My discussion began with a better explanation of the aforementioned core programs. Core programs are defined as programming specifically designed to serve the educational and informational needs of children ages 16 and under; it must be at least 30 minutes in length, aired between the hours of 7:00 a.m. and 10:00 p.m., and part of regularly scheduled weekly programs. Core programs were mandated through the Children’s Television Act of 1990. I then explained this concept more thoroughly by including the facts that they provide parents and consumers with advance information about core programs being aired, define the type of programs that qualify as core programs, and air at least three hours per week of core programs. I think this provided better understanding for the reason and intent of core programming. Later I was asked about who seemed to control Children’s Television and have a greater influence on what was aired. I responded with the fact that it is parents who are complaining and asking legislation to be greater enforcers when it comes to regulating television. But then it is ultimately the government that gives the policy. So parents instigate the reforms in policy and government implements them.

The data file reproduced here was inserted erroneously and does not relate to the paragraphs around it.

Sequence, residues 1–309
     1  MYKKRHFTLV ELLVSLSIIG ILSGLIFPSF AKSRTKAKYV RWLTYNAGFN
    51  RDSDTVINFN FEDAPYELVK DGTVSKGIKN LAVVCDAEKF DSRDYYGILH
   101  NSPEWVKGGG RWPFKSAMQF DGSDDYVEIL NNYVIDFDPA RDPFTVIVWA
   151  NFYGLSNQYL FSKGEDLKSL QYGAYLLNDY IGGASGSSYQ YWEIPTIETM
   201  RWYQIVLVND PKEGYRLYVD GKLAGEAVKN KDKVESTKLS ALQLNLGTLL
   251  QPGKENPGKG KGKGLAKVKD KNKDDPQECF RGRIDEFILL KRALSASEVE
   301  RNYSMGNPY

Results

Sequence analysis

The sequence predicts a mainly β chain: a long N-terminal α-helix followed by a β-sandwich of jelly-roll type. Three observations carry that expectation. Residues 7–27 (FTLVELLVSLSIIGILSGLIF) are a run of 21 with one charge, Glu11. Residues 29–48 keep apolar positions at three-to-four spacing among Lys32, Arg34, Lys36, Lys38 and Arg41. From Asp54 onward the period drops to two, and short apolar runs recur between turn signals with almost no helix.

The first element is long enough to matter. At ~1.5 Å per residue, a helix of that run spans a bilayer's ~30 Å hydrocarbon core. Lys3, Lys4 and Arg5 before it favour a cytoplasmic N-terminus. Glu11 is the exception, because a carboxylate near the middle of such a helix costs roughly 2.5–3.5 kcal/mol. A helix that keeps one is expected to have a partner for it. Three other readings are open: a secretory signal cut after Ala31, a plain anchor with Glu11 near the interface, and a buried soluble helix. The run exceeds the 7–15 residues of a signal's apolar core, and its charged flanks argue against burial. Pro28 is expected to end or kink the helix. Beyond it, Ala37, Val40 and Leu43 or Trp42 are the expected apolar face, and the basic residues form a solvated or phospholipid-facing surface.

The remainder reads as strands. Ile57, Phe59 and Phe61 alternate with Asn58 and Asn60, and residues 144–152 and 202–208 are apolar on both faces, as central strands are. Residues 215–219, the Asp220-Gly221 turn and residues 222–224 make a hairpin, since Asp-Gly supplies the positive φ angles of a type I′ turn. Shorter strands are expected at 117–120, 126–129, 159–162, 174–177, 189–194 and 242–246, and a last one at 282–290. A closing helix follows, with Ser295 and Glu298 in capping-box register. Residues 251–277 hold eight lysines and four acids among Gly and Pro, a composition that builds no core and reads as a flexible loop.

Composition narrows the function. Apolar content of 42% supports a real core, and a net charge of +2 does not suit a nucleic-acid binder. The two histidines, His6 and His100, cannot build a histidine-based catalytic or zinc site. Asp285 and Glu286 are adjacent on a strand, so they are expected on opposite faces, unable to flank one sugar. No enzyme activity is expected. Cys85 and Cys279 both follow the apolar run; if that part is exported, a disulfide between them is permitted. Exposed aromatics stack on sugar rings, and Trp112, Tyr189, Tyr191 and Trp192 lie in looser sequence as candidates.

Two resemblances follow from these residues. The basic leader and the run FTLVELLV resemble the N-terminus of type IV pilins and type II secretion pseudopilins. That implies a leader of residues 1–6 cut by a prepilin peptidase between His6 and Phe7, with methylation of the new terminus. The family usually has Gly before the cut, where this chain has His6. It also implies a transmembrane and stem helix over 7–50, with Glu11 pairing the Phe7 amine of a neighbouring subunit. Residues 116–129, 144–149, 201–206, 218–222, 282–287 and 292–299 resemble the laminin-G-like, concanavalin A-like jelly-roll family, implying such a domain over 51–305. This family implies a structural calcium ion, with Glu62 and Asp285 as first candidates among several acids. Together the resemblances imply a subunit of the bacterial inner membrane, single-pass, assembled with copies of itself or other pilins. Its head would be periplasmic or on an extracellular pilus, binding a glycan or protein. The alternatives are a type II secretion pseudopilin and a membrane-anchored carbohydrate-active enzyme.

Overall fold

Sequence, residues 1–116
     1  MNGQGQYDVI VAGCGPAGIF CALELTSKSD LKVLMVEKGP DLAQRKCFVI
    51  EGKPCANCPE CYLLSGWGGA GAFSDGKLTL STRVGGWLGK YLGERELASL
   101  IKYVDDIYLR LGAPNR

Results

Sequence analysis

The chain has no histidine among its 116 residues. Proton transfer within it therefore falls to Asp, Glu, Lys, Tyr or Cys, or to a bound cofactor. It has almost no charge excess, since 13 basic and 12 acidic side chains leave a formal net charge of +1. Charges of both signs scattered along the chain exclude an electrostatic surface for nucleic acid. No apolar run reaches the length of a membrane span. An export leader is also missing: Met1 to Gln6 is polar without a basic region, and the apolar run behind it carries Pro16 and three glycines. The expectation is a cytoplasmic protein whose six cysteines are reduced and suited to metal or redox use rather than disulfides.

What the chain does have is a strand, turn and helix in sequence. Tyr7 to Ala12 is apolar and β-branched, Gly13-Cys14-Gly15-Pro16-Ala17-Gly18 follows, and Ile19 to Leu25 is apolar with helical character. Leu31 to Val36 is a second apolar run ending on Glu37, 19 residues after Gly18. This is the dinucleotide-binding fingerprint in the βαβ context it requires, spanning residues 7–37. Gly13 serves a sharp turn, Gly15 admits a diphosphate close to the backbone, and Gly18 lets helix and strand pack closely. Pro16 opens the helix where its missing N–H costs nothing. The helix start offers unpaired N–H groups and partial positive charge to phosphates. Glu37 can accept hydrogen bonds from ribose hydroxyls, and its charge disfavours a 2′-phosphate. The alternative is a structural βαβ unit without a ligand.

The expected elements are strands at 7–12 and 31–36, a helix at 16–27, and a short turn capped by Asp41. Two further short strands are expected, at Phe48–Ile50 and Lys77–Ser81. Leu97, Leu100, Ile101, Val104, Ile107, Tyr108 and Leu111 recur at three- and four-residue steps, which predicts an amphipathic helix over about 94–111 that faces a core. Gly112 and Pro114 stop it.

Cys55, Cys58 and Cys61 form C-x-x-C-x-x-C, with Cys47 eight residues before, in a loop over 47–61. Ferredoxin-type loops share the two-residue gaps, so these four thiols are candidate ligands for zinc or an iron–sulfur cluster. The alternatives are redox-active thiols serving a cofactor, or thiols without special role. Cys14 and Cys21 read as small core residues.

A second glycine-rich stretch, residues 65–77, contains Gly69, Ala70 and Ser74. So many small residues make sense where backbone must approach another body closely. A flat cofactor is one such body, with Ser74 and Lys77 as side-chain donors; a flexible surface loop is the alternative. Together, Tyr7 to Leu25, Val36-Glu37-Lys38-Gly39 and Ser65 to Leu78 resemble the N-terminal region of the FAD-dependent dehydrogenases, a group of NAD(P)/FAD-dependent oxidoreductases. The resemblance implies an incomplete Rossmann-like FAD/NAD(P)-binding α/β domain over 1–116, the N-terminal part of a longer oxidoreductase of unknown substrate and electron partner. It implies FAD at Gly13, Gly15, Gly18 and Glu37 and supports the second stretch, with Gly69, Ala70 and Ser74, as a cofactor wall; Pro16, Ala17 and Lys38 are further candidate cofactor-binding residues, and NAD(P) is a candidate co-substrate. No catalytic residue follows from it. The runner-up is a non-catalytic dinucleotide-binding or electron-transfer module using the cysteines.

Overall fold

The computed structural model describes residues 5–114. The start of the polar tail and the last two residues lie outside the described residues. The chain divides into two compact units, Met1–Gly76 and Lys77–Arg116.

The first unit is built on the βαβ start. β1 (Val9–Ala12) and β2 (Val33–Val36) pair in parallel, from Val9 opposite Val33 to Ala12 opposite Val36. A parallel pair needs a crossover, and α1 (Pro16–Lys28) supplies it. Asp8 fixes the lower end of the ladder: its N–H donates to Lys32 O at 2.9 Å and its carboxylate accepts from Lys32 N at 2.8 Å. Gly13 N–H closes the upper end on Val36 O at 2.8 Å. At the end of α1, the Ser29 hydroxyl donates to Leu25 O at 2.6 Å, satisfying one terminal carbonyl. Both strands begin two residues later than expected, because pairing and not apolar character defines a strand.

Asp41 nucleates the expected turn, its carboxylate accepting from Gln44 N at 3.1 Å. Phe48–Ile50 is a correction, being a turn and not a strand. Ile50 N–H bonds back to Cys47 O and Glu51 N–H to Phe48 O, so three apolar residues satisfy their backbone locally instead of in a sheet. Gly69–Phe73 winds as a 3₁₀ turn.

I learned more about the weekly theme of TV: How do older forms of media inform new media markets? The children’s television industry has been formed and molded for the past 50+ years. With the more recent development of the internet as well as the merging of computer technology, children’s television has becomes more interactive. The education aspect has become a greater part of this industry and combining all the forms of media to educate children has become quite popular. Television broadcasters are realizing the possible impact they have on a child’s development. The number of hours a child sits in front of a TV has grown as this industry has grown. And due to the high demand of parents and the policies of the government, children’s television is being used more as an educational tool rather than simply entertainment.